On a recent spring evening, a group of New York's young chic set came together for a benefit screening of the movie Only When I Dance, which premiered to critical acclaim at the 2009 Tribeca Film Festival. Members and supporters of American Ballet Theatre's Junior Council had gathered in New York's downtown club Soho House for a night of film and cocktails in order to raise scholarship funds for ABT's Jacqueline Kennedy Onassis School. Amid fashion designers, artists, and Wall Street bankers sat the quietly reserved Irlan Silva. While the well-heeled crowd reached for glasses of wine and champagne, Silva, in a sheeny gray suit, sipped unassumingly at a soda. Following the screening, one young patron recognized Silva and approached him. "You're the star of the movie, aren't you?" The setting that night was, literally and figuratively, a long way from Silva's early years.
Only When I Dance, produced by Beadie Finzi, follows two young dancers from the favelas: the shanty-town outskirts of Rio de Janeiro: who dream about nothing but dance, and who wage personal struggles (along with their families) to fight their ways out of poverty to the professional world of dance. In spite of the odds against them, these two dancers (one of whom, Irlan Silva, now dances in the ABT's junior company, ABT II) prove they have the spirit and soul of an artist. It's an intimate, touching, and sometimes tear-jerking narrative: not unlike a good ballet.
Watching the documentary, you can't help but get swept away by Silva's sweet nature. He is fixated on and serious about dance. On bus rides that span the poor neighborhoods of his environs, we see a boy whose pensive gaze tells us that he can see beyond to a world of art and craft and imagination. As Wes Chapman, the artistic director of ABT II, says, "Irlan works hard. He doesn't know anything but working hard."
It was this hard work: along with a true talent for dance: that paved the way for Silva to American Ballet Theatre. He was born and raised in Rio de Janeiro, Brazil, and, at the age of eleven, began his studies of ballet at Dance Academy Rio. The introduction to dance was somewhat casual. "A cousin of mine was taking dance: you know, jazz and tap," Silva explains. "I went along with him to one class, and I liked it so much, I ended up staying on." It was a fortuitous tag-along; not only did Silva like dance, but his talent was more than apparent to Mariza Estrella, who would go on to coach him and encourage him to pursue dance professionally. (Estrella plays a prominent role in Only When I Dance, as the gregarious, no-nonsense instructor who makes and breaks the dreams of Silva and his peers.)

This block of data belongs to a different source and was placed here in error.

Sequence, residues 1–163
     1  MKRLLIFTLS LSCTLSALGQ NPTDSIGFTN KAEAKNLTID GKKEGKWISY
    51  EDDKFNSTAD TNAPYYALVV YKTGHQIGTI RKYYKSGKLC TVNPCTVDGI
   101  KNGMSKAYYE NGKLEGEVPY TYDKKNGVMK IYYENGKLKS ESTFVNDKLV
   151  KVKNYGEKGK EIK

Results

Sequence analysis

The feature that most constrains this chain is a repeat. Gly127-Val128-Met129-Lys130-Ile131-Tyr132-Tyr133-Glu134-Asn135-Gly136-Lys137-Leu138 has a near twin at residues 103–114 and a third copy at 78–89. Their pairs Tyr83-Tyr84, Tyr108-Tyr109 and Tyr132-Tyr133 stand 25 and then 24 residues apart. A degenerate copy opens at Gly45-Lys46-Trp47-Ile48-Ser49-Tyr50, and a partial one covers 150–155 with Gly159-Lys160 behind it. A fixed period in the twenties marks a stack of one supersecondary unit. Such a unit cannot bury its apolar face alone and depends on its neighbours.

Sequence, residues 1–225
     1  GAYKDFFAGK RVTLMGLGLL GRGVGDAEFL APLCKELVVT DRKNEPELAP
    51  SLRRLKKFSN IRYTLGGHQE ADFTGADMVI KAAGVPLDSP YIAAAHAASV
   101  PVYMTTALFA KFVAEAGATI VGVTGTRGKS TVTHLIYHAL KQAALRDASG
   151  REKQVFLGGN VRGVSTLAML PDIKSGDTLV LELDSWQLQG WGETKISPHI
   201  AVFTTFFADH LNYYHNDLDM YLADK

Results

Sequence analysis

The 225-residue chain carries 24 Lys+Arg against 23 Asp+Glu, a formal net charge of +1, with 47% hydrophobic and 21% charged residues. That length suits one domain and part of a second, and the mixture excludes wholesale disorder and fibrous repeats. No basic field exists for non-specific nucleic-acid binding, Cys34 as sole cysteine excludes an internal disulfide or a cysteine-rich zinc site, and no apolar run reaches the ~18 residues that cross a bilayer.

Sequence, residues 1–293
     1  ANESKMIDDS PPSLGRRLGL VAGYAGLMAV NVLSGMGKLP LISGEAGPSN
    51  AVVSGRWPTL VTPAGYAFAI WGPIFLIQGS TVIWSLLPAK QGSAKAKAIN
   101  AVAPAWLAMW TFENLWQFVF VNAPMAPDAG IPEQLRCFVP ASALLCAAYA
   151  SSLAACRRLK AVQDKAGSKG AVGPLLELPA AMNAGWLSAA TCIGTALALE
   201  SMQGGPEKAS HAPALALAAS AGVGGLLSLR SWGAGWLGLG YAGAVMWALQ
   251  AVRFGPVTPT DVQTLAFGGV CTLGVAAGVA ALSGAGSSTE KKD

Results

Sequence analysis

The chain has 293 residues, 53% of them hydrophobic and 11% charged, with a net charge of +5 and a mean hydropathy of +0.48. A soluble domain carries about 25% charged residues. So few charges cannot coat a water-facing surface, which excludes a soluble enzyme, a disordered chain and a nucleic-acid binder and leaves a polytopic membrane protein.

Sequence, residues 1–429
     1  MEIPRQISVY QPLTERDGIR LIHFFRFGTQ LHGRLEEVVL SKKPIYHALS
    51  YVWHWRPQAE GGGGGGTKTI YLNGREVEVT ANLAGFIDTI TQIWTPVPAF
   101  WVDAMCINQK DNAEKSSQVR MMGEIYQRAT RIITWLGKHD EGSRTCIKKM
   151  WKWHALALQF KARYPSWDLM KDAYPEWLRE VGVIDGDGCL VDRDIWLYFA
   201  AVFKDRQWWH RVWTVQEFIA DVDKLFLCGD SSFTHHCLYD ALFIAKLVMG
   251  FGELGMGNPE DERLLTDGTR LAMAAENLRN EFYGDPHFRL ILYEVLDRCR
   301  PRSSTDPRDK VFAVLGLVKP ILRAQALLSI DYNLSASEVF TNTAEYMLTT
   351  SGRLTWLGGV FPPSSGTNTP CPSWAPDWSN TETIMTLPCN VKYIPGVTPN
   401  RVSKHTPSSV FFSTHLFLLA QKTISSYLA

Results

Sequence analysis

In 2004, he won first place and the Revelation Dancer prize at the Concelio Brasileiro de Dan‹a. In 2005, as the representative for Brazil, he placed first at the Youth America Grand Prix finale in New York City. That January, in Rio, he joined the company El Passo de Dan‹a, directed by Dalal Achcar and Mariza Estrella. He went on in 2006 to earn first place and the Best Dancer award at the XXIV Joinville Festival of Dance, in Brazil. He even appeared as a guest artist in Swan Lake and The Nutcracker with the Ballet of the Municipal Theatre in Rio de Janeiro. His triumphs as a winner of the 2008 Prix de Lausanne Apprentice Scholarship, as well as the best contemporary dancer at the Youth America Grand Prix in New York City, would truly transform his life. It was through these accomplishments that Silva earned the attention of American Ballet Theatre, which, in September 2008, signed him on for its junior company, ABT II.
At ABT II, Silva is growing both artistically and personally. "He came to us naturally coordinated and with great flexibility and strength," Chapman says. For Silva, Chapman has been a great instructor and force in his life, refining his line and sculpting his ability to take on multiple styles, from Balanchine and Robbins to the classical programs that are expected of all ABT dancers. Silva also singles out his fellow dancers as great instructors. "Watching others rehearse is so good for me," he tells me. "I get to see what they are doing right, and what they are doing wrong." He also gets to sit in on rehearsals for main Company stars like David Hallberg and Marcelo Gomes. Just mentioning their names, Silva lets out an infectious smile. "They really," he says, barely containing his enthusiasm, "teach me so much about expression and artistry."
Chapman barely recognizes the teenage boy who starred in Only When I Dance. "Irlan has truly grown into a young man," he remarked. "That's always exciting for me to see." In spite of his growth, Silva remains the endearing kid from the dance documentary. While on tour with ABT II or on the subway, he is still sometimes stopped by strangers who recognize him from the film. With principal-quality coolness and repose, Silva smiles graciously but shrugs it off and returns to the daily routines of any young man, watching videos and hanging out at friends' apartments on the weekends. For all his stardom: and for all the talent his peers and teachers at ABT anticipate for him in the future: Silva is humble. "Irlan is a kind and gentle and respectful guy," says Chapman. "The world could use more people like him." Luckily for us, we've yet to see the best that's to come of him.